SPRINGFIELD – The Illinois House on Wednesday approved legislation designed to provide property tax relief to Cook County residents facing steep increases in assessed valuation and to increase property tax exemptions statewide.
"There is something in this bill for everyone, there truly is," said state Rep. John Fritchey, D-Chicago.
If the Senate also passes SB 2112 and the governor signs it into law, downstate homeowners could save money on their property taxes, and senior citizens could save even more.
The general homestead exemption for a homeowner's primary residence was set at $3,500 back in 1983. And while the exemption was increased to $4,500 for Cook County homeowners in 1992, the rest of the state remained at the old rate.
Cook County seniors also get an extra $2,500 break on their property assessments, while seniors in the rest of Illinois get an exemption of $2,000. The senior citizen homestead exemption kicks in at age 65.
State Rep. Bill Black, R-Danville, has been trying for nearly a decade to equalize those exemptions among all 102 counties.
Earlier this spring he finally won House approval for a bill to increase the exemption to a uniform $5,000 for homeowners in all parts of the state with an extra $3,000 for seniors, but that measure stalled in the Senate.
Exemptions are subtracted from the assessed value of a property before it is taxed. A $150,000 home, for instance, should have an assessed value of $50,000 – a third of its market value. The current homestead exemption would lower that to $46,500; the new exemption would make it $45,000. In Champaign, that would mean a tax savings of about $115. The increased senior citizen exemption would lower taxes on such a house by another $77 in Champaign.
An increase in the home's assessment, though, could offset some or all of the savings from the exemptions.
Black's proposed changes in exemptions then were added on to SB 2112, which also includes an initiative from Cook County Assessor James Houlihan designed to help longtime homeowners in that part of the state afford the skyrocketing taxes on their property.
"This is about helping homeowners stay in their homes," Fritchey said.
The bill would automatically cap assessment increases at 7 percent a year in Cook County, which could help hold down increases in property tax bills.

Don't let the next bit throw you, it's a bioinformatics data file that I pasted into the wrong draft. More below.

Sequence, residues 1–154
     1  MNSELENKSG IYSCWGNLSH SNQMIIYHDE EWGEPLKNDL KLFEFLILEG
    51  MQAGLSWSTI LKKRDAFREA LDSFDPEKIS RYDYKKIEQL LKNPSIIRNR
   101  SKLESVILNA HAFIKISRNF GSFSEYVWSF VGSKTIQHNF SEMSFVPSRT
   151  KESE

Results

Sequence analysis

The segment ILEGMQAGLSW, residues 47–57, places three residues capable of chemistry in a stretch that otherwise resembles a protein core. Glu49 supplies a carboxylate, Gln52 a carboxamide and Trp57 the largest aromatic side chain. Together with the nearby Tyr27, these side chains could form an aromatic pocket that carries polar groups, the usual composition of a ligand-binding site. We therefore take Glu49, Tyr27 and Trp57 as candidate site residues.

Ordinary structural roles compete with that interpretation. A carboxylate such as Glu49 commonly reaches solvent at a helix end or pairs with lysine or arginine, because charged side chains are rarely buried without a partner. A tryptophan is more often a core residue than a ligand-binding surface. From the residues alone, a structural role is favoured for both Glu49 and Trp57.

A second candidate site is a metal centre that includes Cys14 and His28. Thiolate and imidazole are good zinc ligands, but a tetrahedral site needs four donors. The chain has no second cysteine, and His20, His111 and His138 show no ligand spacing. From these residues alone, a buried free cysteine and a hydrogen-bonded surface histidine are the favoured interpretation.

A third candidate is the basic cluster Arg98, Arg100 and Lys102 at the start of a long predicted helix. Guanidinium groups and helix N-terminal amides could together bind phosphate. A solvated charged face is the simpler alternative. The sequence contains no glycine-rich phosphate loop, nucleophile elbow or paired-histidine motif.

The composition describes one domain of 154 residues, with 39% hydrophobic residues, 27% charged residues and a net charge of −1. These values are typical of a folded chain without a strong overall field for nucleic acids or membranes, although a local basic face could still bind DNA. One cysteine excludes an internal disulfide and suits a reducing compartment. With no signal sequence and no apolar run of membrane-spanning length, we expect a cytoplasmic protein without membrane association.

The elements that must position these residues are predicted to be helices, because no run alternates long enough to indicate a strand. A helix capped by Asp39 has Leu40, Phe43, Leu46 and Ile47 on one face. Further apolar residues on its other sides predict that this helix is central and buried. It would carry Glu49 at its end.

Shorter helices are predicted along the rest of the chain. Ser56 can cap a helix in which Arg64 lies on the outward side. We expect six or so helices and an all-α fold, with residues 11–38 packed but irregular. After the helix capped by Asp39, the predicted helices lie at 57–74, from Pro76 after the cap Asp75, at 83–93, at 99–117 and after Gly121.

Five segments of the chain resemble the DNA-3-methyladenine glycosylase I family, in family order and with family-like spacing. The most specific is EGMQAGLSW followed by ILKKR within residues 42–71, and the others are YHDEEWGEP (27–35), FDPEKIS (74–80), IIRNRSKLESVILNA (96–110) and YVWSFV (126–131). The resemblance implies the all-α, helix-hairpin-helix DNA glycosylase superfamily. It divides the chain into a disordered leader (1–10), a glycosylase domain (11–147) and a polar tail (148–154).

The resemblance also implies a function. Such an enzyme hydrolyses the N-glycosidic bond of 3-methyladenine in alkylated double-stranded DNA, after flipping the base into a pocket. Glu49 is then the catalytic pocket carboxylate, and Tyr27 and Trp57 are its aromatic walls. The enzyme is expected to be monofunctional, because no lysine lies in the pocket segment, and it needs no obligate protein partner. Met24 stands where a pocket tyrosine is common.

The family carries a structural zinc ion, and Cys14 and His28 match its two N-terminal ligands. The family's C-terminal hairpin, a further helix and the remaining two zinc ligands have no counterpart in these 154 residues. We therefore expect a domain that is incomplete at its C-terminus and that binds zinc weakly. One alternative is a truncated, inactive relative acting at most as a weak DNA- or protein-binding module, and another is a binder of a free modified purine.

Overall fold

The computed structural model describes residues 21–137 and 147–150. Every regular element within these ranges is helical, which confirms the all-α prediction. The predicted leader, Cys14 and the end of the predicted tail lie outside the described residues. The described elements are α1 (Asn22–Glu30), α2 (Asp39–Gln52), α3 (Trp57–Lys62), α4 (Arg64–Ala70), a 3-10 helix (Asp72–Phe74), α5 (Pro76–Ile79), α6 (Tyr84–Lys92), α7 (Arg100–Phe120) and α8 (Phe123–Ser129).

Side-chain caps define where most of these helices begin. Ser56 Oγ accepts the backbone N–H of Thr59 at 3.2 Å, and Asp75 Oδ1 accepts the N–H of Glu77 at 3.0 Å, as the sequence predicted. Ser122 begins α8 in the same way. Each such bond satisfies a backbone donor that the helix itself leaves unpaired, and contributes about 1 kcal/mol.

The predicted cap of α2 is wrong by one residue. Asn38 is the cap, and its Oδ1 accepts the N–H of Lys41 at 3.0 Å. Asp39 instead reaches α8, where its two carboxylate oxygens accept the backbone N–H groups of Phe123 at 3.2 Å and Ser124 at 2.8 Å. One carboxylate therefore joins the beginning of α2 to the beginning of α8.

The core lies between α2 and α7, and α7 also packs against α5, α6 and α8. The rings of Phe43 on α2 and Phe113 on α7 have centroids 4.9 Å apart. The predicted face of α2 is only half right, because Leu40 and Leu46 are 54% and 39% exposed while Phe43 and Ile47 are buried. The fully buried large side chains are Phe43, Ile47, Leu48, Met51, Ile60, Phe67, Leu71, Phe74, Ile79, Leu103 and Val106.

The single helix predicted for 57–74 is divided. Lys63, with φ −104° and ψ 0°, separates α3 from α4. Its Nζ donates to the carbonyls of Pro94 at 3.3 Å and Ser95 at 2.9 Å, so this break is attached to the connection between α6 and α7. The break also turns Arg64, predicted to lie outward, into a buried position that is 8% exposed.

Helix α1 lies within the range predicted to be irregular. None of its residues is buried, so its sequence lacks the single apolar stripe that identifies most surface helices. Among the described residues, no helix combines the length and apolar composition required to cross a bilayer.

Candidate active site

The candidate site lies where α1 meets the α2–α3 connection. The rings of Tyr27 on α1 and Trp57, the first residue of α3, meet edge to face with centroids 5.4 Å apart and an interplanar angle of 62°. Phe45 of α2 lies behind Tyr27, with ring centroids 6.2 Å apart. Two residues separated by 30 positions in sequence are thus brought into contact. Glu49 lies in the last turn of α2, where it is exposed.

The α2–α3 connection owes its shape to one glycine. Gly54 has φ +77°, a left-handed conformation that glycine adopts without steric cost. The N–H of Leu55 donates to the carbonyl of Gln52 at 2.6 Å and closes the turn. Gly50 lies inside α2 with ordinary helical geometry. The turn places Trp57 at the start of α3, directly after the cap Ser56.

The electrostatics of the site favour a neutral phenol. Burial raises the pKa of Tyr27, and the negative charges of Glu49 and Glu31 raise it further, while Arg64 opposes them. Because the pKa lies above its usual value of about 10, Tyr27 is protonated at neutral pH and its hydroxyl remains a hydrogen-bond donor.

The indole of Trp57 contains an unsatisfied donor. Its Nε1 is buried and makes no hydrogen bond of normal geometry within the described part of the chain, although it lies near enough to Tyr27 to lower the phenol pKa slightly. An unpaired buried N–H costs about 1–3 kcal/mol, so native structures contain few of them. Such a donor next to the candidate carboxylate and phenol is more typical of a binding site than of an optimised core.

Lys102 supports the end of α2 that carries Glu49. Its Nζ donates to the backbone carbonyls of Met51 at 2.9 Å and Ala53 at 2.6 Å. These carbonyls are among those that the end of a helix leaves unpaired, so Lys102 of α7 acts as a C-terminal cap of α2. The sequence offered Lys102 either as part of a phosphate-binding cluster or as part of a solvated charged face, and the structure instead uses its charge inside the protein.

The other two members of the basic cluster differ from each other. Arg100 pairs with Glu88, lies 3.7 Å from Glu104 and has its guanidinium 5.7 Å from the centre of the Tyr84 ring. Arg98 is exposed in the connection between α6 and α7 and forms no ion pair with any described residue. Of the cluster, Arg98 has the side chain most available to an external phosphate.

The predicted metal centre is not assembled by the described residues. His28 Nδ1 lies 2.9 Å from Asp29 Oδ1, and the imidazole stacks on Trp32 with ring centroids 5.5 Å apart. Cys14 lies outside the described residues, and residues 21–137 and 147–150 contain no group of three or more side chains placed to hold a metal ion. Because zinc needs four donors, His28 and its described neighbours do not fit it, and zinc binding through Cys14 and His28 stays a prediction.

Other counties could vote to opt in if they felt that the limit was needed, but downstate lawmakers said it would be unlikely to help homeowners in their counties because assessments are not climbing as rapidly there.
Business groups have complained that the legislation would mean they would have to shoulder more of the property tax burden. And since the assessment cap would not apply to apartment buildings with more than six units, renters could have to pay more too.
"It's another job busting bill," said state Rep. David Winters, R-Shirland. "It's bad for the state."
But state Rep. Barbara Flynn Currie, D-Chicago, said the bill would result in "a very insignificant shift" in the property tax burden in Cook County, an estimated $100 million a year compared to the county's total annual tax levy of $26 billion.
Black said Houlihan's initiative is "going to widen the inequities in the property tax system" and was very angry that it was linked to his efforts to increase and equalize property tax exemptions.
"All I wanted was equity and you finally invite me to dinner and you set me off to the side and all you give me is crumbs," he yelled.
Black was so irate that he found himself voting against the property tax exemption legislation he has spent almost 10 years trying to pass. State Rep. Shane Cultra, R-Onarga, and state Rep. Chapin Rose, R-Mahomet, also voted no, while state Rep. Naomi Jakobsson, D-Urbana, voted yes.
SB 2112 passed in the House on a vote of 77 to 39.
On Black's HB5533, which only included the property tax exemption increases, the vote was 115-0.
On SB 1498, which only included the assessment cap language, the House vote was 67 to 44. Jakobsson voted yes, while Rose, Black and Cultra voted no.
It appears that SB2112, which combines both measures, is the only one that has a shot of reaching the governor's desk this spring.
You can reach Kate Clements at (217) 782-2486 or via e-mail at email@example.com.